Teacher. Now there is a word, sort of medium-sized compared to proceedings or alliteration, but it carries so much more meaning than we might expect. One of the joys of being a high school counselor is the chance to talk to all sorts of students with all kinds of amazing talents, thoughts, aspirations, as well as assorted challenges, ranging from awful to horrifying to ordinary.

In a conversation with a student who really doesn’t like school, who was bullied (yes, in spite of all the anti-bullying programs, we still have people who are bullies) and didn’t want to be in the school he was in but had to be there anyway. Things were looking pretty dicey as we worked around anger, depression and a few funny moments as well. Then, being the brilliant counselor I might occasionally be, I said, “When did it all go wrong?”

What was somewhat surprising to me was the answer, “It all started in third grade, where a teacher treated me unfairly and didn’t believe me.” At this point I want to highlight one of my beliefs about teachers. Just as there are good doctors, there are bad ones too, a rule which applies to teachers as well; however, I have the utmost respect for teachers because they have a job that is so much more important than legislatures and many others perceive. There are great teachers, OK ones, not so good (that was my slot a few times) and definitely not good.

The comment “It all started in third grade,” led to this question: “Did you have any teachers that you did like?” This is where the mood definitely improved. A fourth-grade teacher was mentioned. He was fun because “he was enthusiastic and at the last part of the day, we got to go outside and have fun.” I happened to recognize the name of this person, who no longer is teaching fourth graders, but currently teaches prospective teachers at a nearby university as well as consults with many educators in our county.

I got permission from the student to tell this person what they had said. So, as soon as I was done with my counseling conversation, I called the teacher in question and a minor miracle happened: I didn’t have to talk to an answering machine!

He answered and had a clear memory of who the student was. The best part of this call, was his comment that letting him know these words of praise, from a time seven years in the past, “made my day.” As is the case with many people in education, during this pandemic, there is a much larger workload than usual, and the days can be pretty rugged, so anything that puts a positive light on the job is definitely welcome.

To be reminded that something we did made a lasting and positive impression, really helps reinforce why we do the work in the first place. Whether one is a teacher, counselor or any other person who works with students, it is rewarding to hear we have made a difference.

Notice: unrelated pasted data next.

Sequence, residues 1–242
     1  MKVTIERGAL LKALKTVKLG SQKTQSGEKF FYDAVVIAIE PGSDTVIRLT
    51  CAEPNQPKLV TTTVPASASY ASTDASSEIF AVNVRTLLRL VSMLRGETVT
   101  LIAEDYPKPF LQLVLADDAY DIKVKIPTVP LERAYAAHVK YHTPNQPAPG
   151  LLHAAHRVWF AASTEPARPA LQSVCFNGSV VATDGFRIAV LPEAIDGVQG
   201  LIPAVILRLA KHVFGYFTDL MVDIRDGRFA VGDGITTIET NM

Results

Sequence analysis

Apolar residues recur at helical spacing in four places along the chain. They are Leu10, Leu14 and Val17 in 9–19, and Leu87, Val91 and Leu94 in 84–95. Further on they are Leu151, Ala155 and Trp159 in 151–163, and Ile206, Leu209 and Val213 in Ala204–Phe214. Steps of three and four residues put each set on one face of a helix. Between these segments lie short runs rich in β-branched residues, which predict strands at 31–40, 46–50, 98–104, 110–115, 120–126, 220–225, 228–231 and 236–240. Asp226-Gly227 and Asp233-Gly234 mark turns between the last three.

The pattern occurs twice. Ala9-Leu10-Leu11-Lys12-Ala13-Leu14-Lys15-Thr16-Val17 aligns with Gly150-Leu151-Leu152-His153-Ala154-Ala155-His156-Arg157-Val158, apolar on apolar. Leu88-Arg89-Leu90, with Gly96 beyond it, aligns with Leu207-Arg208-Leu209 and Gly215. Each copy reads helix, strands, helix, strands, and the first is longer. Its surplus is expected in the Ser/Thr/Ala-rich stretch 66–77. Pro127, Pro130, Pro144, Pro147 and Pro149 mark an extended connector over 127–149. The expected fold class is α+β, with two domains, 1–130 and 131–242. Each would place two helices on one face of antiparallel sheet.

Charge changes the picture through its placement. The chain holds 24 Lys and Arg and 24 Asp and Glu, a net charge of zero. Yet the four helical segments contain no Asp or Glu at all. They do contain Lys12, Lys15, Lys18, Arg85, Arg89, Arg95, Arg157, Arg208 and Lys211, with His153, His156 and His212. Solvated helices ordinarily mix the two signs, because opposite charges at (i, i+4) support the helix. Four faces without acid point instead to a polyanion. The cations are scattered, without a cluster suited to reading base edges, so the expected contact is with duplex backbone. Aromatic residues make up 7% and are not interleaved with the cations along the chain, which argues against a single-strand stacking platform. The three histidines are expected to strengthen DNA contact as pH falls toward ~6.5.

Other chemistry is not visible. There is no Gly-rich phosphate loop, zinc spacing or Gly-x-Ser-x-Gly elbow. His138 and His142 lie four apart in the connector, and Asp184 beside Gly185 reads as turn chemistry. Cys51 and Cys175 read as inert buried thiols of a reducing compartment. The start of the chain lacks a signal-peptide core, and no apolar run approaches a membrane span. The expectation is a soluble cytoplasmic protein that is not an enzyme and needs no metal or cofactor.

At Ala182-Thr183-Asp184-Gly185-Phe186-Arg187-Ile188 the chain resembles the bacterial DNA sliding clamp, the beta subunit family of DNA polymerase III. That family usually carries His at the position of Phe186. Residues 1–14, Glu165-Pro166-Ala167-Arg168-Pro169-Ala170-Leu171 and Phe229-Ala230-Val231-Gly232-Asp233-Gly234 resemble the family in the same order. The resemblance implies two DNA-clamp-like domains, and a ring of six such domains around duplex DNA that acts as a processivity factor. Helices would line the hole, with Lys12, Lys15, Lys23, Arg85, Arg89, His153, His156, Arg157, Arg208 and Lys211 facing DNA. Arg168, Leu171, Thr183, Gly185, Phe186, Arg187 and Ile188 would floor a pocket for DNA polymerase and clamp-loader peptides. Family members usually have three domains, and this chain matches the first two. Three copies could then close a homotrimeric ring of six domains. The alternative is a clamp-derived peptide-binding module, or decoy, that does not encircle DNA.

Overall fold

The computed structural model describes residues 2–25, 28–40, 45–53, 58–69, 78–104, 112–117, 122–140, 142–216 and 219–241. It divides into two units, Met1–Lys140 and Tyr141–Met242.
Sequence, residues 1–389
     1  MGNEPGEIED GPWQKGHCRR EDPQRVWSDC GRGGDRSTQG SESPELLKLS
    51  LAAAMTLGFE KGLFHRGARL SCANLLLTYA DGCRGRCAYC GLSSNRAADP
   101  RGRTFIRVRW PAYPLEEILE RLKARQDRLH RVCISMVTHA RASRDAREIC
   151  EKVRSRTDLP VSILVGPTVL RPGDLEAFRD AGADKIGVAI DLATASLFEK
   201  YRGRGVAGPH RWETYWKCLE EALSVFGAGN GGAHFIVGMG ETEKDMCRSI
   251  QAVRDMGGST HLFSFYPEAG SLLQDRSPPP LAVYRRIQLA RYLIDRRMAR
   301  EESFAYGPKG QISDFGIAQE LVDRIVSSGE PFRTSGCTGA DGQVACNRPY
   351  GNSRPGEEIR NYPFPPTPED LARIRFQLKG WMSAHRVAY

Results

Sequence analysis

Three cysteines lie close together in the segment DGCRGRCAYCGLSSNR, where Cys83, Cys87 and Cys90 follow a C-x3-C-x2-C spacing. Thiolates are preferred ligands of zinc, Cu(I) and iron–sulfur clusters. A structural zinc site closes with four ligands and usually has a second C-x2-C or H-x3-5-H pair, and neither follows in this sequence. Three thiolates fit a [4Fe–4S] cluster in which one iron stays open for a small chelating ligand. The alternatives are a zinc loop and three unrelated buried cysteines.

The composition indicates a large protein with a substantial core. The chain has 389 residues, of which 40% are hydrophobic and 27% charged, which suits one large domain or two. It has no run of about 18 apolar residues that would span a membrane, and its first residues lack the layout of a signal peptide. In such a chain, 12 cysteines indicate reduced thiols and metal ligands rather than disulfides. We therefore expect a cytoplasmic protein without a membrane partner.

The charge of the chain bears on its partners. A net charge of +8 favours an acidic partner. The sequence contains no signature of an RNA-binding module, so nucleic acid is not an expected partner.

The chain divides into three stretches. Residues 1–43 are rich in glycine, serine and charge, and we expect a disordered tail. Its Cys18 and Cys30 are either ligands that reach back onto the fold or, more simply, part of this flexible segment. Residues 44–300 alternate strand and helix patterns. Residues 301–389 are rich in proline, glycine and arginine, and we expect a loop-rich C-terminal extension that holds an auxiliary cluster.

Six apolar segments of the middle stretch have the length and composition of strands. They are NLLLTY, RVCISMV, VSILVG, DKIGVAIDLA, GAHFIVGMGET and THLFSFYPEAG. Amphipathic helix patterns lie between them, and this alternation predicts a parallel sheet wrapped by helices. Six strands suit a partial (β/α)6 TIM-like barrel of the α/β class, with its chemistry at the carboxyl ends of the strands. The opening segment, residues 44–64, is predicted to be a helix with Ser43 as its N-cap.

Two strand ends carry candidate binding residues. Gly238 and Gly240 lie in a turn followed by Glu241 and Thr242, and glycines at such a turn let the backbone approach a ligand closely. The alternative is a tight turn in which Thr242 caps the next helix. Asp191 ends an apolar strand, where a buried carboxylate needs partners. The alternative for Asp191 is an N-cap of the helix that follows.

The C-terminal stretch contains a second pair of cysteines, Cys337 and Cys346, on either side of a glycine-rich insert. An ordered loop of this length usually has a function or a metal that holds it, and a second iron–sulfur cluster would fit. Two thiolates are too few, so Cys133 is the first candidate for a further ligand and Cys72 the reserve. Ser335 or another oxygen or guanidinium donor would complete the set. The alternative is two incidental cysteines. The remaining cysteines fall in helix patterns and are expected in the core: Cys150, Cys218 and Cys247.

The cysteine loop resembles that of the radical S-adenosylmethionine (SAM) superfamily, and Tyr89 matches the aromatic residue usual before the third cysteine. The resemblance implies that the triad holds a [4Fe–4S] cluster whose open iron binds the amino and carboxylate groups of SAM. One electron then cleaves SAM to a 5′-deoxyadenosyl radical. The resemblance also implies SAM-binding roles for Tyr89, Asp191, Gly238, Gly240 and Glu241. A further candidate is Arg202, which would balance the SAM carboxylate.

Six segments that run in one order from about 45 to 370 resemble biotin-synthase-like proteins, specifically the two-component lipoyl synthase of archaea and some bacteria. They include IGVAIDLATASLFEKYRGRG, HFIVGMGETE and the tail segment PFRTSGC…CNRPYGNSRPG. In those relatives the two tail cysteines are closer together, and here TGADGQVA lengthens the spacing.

But wait, there’s more. When we got to the student’s eighth-grade experience, another teacher, rated “the best” was mentioned. This teacher, got what could be some of the highest praise possible: “She was understanding about everything, and she believed us.” It has always seemed apparent to me that the most important quality a teacher can possess is the ability to connect with students. If a student becomes aware that the person they are talking to cares about them, doesn’t judge them, and believes in them, education happens.

I was able to call this teacher and speak with her to share this precious sentiment. Another day was “made,” and due to the sharing of one student, three people had their days made. It is no wonder I love my job so much because the opportunity to spread some “joy” is best never passed up.

Some of these moments can be the most important experiences a student can have and can be remembered forever. When I interview adults and ask them if they have had any teacher or other adult, who really influenced the path of their life, it is often teachers and mentors, who have made a lasting impression.

I share this story to emphasize that the small things we do for children can have a much larger impact than we can imagine. Even though the subject that started this, may not like school any more now, I do believe these positive memories can only help make things better over time. So, if you ever have the chance, express your gratitude to whomever it was that helped you on your personal journey through life and “make their day.”

Kevin Wychopen is a semi-retired school counselor. Contact him at itsabigworld@live.com.

Kevin Wychopen is a semi-retired school counselor and weekly columnist for the Enterprise. Contact him at itsabigworld@live.com.


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